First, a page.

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SEC suffers setback in bid to increase PE and VC fund oversight

The SEC has suffered a major setback in its bid to increase oversight of the private equity and venture capital industry after a US appeals court threw out a new rule requiring managers to provide investors with fees and expenses each quarter.

On Wednesday, a three-judge panel of the US 5th Circuit Court of Appeals in New Orleans agreed unanimously with six private equity and hedge fund groups who had argued that the the SEC exceeded its authority by adopting the rule in August. The judges accepted their stance that the rules weren’t necessary for “highly sophisticated” private fund investors.

According to an SEC spokesperson, the Commission is now reviewing the court’s decision before deciding on its next step.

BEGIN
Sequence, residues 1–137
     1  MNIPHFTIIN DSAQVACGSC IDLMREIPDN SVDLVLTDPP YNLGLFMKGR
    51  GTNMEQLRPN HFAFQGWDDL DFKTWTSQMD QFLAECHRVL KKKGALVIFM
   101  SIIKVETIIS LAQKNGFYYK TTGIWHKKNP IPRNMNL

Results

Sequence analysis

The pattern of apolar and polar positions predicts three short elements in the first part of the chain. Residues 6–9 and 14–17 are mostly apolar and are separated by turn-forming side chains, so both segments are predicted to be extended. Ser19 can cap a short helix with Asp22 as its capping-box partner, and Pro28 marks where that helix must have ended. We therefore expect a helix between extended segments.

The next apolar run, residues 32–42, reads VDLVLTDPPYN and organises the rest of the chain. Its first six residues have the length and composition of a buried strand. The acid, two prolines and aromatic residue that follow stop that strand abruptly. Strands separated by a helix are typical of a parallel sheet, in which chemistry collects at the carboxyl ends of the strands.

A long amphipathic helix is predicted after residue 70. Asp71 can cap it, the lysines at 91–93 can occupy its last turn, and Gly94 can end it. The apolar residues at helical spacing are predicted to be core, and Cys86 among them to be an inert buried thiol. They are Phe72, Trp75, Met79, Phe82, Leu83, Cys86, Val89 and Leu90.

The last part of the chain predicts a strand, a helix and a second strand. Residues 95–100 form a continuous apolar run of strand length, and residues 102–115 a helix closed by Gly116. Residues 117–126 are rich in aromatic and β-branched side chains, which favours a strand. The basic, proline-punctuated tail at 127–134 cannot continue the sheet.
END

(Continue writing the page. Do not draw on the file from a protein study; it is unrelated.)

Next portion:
In addition to quarterly fee disclosures, the SEC rule, which also applied to hedge funds and managers of funds for institutional investors such as pension funds and endowments, prohibited firms from grating preferential terms over redemptions and special access to portfolio holdings to some favoured investors.

Industry bodies have welcomed the court ruling with MFA President and CEO Bryan Corbett describing it as “a significant victory for markets, fund managers, and investors”.

“The court affirmed that the SEC cannot expand its authority beyond what Congress intended.” He said in a statement. “Unfortunately, this is just one instance of SEC overreach as it looks to push through the most aggressive agenda in decades. MFA will continue to work constructively with the SEC to help improve its rushed rulemakings, and we remain focused on enabling alternative asset managers to raise capital, invest it, and generate returns for their beneficiaries.”

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